As I dove headfirst into the process of writing and researching cookbooks over the past two years, I became keenly aware of just exactly how I use them—and how I don’t. Here’s the truth: I typically draw inspiration from them, perusing their flavor and ingredient pairings as a jumping off point for a finished dish thrown together from what I’ve got on hand. This approach comes from a background of rarely using recipes at all—a freewheeling habit I had to break when I started to write down recipes for K&C, of course. But today, when I’m cruising through the pages of a cookbook, I’m immediately drawn to books that favor flexibility over rigidity. And my lovely friend Izy Hossack’s new book The Savvy Cook has got flexibility in spades.
Double truth: I made this incredibly delicious fattoush dip a little bit my own using the herbs and veggies I had on hand—but I don’t think Izy would mind one bit. The Savvy Cook is an ode to “maximum flavor for minimum effort”, and her book delivers this promise in spades. Though she’s got hundreds of delicious variations on classics like frittatas, pizzas, salads, and veggie roasts, my favorite section is the MAKEOVERS WITH LEFTOVERS appendix (page 230), where you can select a leftover ingredient and find corresponding dishes to cook it up in from the pages of the book. How brilliant is that? Kitchen flexibility made real.
I can’t wait to dive into so many of Izy’s recipes, but this one fit the bill last week, when I was eagerly (and anxiously) preparing for my very first pop-up dinner with FEAST Hawaii here in LA. Time in the kitchen was limited, and it was extraordinarily hot (more on that later)—which meant doing as little that required I turn on the stove as possible.
Once I was fueled up on Izy’s delightful fattoush dip, I got to start dreaming about the pop-up dinner. It would be an evening filled with flower crown–making and a floral-infused menu (featuring a drink and dessert from Kale & Caramel cookbook) that was making my knees weak. I met Amanda Robson, fellow Maui girl and the founder and creative director of FEAST, last year and fell deeply in love with the pristine quality of her work. I’ll be doing a whole post with photos and details from the event, but suffice to say there was jasmine blossom vinaigrette, hibiscus muhammara, and honey rose butter.
But before the glory of the food, there were the nerves. When people first learn about my work, they often assume I’m a chef or a caterer. I am neither. This Saturday I cooked for 30, more people then ever before. It was only a cocktail and a dessert, but still. I wanted it to be, obviously, perfect.
I prepped everything I could in advance, as many days ahead as possible. I steeped lavender into blueberries, crushed graham crackers, and mortar-and-pestled edible lavender buds. The day of, I brought a plethora of strainers, jars of lavender blueberry sauce, bottles of rose and orange blossom water, and my own carefully wrapped chef’s knife. You know, like a real pro might do. I would be working in the kitchen with a trained chef, after all. Chef Michelle Wilton of Four Cafe in Eagle Rock was an absolute angel, delivering to me a 25-pound watermelon hot and sweet from the July sun.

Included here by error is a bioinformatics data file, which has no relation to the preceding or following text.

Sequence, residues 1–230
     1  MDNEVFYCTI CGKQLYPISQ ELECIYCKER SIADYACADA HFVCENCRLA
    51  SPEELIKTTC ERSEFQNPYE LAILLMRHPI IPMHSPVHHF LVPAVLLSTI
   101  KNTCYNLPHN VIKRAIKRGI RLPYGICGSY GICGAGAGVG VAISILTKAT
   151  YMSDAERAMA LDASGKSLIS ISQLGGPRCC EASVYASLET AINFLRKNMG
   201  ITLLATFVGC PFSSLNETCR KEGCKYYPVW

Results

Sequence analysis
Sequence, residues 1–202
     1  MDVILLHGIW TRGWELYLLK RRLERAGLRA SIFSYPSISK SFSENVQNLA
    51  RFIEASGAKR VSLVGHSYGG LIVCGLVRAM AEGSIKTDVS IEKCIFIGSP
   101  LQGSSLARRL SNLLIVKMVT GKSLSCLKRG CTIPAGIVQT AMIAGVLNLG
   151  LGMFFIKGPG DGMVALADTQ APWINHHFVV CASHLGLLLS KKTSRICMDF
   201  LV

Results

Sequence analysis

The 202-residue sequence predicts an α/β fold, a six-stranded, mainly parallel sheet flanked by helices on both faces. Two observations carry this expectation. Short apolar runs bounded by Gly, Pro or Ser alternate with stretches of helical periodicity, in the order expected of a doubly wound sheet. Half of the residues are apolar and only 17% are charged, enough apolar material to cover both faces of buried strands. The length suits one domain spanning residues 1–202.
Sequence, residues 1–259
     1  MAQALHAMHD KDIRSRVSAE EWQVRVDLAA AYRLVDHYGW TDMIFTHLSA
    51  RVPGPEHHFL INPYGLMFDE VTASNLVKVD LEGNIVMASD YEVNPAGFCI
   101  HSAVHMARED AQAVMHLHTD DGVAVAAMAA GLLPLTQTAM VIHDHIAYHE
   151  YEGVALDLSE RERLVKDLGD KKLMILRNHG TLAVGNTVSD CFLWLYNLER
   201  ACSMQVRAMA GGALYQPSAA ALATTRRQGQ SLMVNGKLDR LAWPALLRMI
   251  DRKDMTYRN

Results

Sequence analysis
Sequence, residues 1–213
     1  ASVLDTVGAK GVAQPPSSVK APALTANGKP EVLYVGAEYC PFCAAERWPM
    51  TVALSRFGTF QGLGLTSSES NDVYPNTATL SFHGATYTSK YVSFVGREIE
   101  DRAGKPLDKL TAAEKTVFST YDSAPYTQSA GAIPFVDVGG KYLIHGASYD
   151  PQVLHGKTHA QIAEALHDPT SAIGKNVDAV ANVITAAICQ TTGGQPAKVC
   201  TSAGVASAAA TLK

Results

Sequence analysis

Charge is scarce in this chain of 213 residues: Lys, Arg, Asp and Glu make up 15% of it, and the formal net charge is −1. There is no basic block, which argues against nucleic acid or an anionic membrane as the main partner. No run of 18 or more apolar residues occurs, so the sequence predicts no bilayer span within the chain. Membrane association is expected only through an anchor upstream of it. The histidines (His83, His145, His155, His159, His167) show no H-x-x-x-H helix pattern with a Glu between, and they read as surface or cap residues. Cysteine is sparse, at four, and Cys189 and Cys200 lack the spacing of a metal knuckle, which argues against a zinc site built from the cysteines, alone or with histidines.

Speaking of the July sun, the heat wave last week broke a 131-year record for the date. It was in the triple digits, which spells complete and utter breakdown for me. Constitutionally, I find it exacerbates anger and anxiety for me, making me work triply hard to tame the nerves I already had about the evening. Many bites of fattoush dip and gulps of chlorophyll water later, I was cool enough to relax into the evening.
Spoiler: It went beautifully. I left feeling so grateful to have had the opportunity to connect and share food in person, unmediated by the presence of a phone or computer screen. There was a sweetness to the sharing, in real life, of what I typically do confined to my own kitchen. I look forward to so much more.
Enjoy this recipe from Izy’s beautiful new book The Savvy Cook, and let me know what you’re whipping up to keep cool and tame anxiety on these hot summer days.
Reprinted with permission from The Savvy Cook, copyright 2017 by Izy Hossack. Published by Mitchell Beasley, a division of Octopus Publishing Group Ltd.
- 1 1/3 cup cooked red kidney beans, drained (except for 3 tablespoons liquid from the can) and rinsed
- 2 tablespoons extra virgin olive oil
- 2 garlic cloves, coarsely chopped or crushed
- juice of 1/2 lemon
- handful cherry tomatoes, halved or quartered
- 2 radishes, thinly sliced
- handful arugula or pea shoots
- handful cilantro, coarsely chopped (leaves and stems)
- handful mint leaves, coarsely chopped
- 1 scallion, finely sliced
- handful pomegranate seeds
- 2 tablespoons olive oil
- 1/2 teaspoon ground cinnamon
- juice of 1/2 lemon
- pinch salt
- pita chips, a few pita breads, or crackers (recipes in Izy's book The Savvy Cook)
Using a handheld blender or a countertop blender, blend all the dip ingredients together until smooth. Transfer the dip to a serving plate, spread it out slightly, then top with the salad ingredients.
In a jar with a screw-on lid, combine all the dressing ingredients, put on the lid, and shake to mix.
Pour the dressing over the salad and dip, then serve with pita chips, pita bread, or crackers for dipping.